P.E.I.'s community sector hopes to find strength in numbers
'Without this sector our community and our home on Prince Edward Island would not look, feel or act the same'
Some non-profit and community organizations have joined forces in an effort to provide support for each other and to have a more powerful voice with government.
Marcia Carroll says a new group, called the Community Sector Network of P.E.I., wants to increase awareness of the value of the sector, which employs about 6,000 Islanders and has thousands of volunteers.
"We want those employees to be valued we want them to be pensioned and we want the powers to be to recognize that without this sector our community and our home on Prince Edward Island would not look, feel or act the same."
Share information and resources
Carroll, executive director of the P.E.I. Council of People with Disabilities, one of the member groups, said they hope that by working more closely together, they can share information and perhaps even some resources to help create "community-based solutions to some of our complex social problems."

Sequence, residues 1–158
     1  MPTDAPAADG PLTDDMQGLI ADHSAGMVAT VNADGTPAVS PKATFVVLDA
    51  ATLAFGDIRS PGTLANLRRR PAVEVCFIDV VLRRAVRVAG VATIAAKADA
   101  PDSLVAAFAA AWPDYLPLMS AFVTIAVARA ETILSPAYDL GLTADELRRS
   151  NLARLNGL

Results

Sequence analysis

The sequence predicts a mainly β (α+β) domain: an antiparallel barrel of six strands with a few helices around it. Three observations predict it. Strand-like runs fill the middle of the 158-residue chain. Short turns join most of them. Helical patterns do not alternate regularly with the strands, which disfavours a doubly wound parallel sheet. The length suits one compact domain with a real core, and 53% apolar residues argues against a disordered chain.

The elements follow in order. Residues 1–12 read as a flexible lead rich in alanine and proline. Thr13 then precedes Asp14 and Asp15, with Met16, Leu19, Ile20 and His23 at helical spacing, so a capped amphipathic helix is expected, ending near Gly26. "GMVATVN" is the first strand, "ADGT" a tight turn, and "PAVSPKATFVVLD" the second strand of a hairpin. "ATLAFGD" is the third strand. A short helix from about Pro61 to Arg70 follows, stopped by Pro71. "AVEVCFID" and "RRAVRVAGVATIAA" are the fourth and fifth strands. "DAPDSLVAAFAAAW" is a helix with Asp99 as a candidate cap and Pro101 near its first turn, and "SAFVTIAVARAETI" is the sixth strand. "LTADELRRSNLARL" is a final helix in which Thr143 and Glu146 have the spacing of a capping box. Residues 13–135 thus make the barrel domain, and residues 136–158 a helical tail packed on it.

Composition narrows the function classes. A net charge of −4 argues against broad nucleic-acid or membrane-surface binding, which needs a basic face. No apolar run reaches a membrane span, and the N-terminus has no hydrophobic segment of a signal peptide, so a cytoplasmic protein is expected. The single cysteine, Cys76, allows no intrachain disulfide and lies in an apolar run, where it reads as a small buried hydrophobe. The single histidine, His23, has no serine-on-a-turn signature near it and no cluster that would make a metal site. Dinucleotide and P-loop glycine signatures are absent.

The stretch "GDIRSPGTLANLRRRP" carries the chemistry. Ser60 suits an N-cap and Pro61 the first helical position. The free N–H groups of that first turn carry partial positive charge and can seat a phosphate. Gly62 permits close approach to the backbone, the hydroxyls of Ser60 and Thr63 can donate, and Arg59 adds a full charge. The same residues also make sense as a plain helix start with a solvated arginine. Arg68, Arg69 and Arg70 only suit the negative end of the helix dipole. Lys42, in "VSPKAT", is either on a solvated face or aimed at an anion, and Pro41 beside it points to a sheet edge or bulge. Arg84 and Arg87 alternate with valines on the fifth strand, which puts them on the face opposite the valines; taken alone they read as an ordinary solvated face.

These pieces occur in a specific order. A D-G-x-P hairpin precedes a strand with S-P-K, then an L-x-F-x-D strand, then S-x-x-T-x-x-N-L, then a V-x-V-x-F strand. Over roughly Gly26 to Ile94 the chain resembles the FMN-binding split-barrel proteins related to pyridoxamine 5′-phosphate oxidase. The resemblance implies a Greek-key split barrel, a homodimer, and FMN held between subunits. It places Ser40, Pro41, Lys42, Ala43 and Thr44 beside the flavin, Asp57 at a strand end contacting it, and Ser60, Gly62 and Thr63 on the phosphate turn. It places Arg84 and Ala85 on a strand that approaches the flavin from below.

Carroll said they want to have a dedicated provincial minister and deputy minister for the community sector. They also want to see more labour market research done by government, which the network believes will result in more funding.
Competing for money
"One of the challenges that we have is that there are pools of money and we are all competing for those same pools of money," Carroll said.
"And we feel that if we collaborate and partner and present ourselves as a more cohesive group, that gives us more strength and more value."
The group is currently inviting members of P.E.I.'s incorporated non-profit organizations or registered charities to apply to sit on its board of directors.
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With files from Angela Walker